The exhibition “Egypt: Faith after the pharaohs”, opening at the British Museum on October 29, 2015, offers a journey over 12 centuries, as Jews, Christians and Muslims transformed this ancient land. It is a story charting the change from a world of many gods to the worship of one God.
The exhibit explores 1,200 years of history, providing unparalleled access into the lives of different religious communities. This exhibition of around 200 objects will show how Christian, Islamic and Jewish communities reinterpreted the pharaonic past of Egypt and interacted with one another. The transitions seen in this period have shaped the modern world we know today.
The exhibition begins in 30 BC, when Egypt became a province of the Roman Empire after the death of Cleopatra and Mark Antony, and continues until AD 1171 when the rule of the Islamic Fatimid dynasty came to an end. The remarkable objects in the exhibition have been uniquely preserved in Egypt’s arid climate, and many have never been on display before. Their survival provides unparalleled access to the lives of individuals and communities, and they tell a rich and complex story of influences, long periods of peaceful coexistence, and intermittent tension and violence between Jews, Christians and Muslims.
The state’s use of religion to assert power is shown by fabulous sculptures that mix ancient Egyptian and Roman imperial iconography, and letters on papyrus concerning the treatment of Jews and early Christians. Gravestones and architectural elements demonstrate the reuse and reworking of sacred spaces – temple complexes were reused as churches and, later, mosques.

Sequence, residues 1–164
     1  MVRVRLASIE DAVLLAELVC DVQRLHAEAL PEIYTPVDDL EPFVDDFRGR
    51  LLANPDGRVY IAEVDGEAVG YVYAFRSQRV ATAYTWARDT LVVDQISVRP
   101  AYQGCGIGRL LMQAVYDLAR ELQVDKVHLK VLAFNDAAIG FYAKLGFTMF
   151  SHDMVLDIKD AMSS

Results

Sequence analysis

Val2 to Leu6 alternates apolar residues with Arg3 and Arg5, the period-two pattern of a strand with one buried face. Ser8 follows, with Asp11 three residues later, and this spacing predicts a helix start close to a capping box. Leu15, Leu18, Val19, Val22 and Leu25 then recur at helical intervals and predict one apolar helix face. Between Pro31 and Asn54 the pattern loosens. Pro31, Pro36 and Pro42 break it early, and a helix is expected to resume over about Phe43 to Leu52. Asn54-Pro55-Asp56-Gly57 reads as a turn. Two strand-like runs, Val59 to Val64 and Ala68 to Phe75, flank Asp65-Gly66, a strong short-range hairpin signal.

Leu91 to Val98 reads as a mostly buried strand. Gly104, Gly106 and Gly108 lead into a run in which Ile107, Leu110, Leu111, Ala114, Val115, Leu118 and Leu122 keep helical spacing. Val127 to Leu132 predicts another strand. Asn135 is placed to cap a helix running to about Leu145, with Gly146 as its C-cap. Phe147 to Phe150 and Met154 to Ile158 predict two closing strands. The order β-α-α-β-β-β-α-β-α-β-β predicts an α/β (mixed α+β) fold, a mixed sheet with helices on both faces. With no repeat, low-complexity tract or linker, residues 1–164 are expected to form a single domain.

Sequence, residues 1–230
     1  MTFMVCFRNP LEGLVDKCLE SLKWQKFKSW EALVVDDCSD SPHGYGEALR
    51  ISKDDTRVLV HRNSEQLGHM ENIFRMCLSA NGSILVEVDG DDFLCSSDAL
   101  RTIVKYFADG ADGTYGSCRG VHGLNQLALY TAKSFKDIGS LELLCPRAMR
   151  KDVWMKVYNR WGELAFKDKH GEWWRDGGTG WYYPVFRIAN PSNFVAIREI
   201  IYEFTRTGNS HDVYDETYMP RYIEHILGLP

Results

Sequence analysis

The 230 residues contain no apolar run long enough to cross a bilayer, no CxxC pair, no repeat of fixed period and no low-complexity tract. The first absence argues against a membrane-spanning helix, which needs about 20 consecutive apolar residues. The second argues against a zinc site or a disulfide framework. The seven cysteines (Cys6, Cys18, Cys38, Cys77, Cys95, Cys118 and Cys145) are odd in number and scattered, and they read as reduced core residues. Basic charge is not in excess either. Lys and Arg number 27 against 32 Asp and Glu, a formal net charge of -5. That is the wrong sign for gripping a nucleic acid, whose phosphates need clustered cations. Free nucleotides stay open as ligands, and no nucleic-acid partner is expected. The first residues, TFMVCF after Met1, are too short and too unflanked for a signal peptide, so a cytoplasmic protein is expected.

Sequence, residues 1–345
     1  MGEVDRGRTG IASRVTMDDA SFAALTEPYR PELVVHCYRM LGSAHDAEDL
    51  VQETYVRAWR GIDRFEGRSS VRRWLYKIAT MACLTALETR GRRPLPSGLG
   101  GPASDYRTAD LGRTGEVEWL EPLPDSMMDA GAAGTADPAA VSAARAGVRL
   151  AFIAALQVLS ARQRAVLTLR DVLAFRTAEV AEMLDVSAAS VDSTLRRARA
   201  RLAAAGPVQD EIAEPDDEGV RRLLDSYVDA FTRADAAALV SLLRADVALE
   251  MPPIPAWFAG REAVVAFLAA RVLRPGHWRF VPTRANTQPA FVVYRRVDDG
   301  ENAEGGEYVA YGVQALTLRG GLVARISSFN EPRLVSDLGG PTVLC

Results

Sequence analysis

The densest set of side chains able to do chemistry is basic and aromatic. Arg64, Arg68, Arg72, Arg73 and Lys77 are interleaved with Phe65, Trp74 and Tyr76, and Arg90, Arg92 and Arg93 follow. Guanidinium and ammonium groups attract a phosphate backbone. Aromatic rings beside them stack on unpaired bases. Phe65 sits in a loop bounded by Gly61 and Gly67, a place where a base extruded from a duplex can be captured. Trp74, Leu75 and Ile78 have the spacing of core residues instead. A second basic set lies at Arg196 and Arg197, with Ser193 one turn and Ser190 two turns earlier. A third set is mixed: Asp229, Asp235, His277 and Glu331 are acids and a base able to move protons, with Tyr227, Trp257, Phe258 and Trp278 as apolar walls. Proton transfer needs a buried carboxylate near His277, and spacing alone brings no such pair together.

The changes in people’s private lives are shown through everyday objects – delicate fragments of papyrus preserve some of the earliest surviving Jewish scriptures and lost Christian gospels. Colourful garments and accessories show what people wore, and soft-furnishings show how they dressed their homes.
Together, the objects in the exhibition show how the shift from the traditional worship of many gods to monotheism – the belief in one God – affected every part of life. Egypt’s journey from Roman to Islamic control reflects the wider transformation from the ancient to medieval world, a transition that has shaped the world we live in today.
The exhibition is organised with Staatliche Museen zu Berlin.
On December 10-11, 2015 the colloquium “Egypt and empire: religious identities from Roman to modern times” will take place at the Stevenson Lecture Theatre.
Practical information about the exhibition
Duration: 29 October 2015-7 February 2016
Venue: Room 35; British Museum; Great Russell Street, London WC1B 3DG
Opening hours: Saturday-Thursday 10.00–17.30; Friday 10.00-20.30. Last entry 90 minutes before closing time.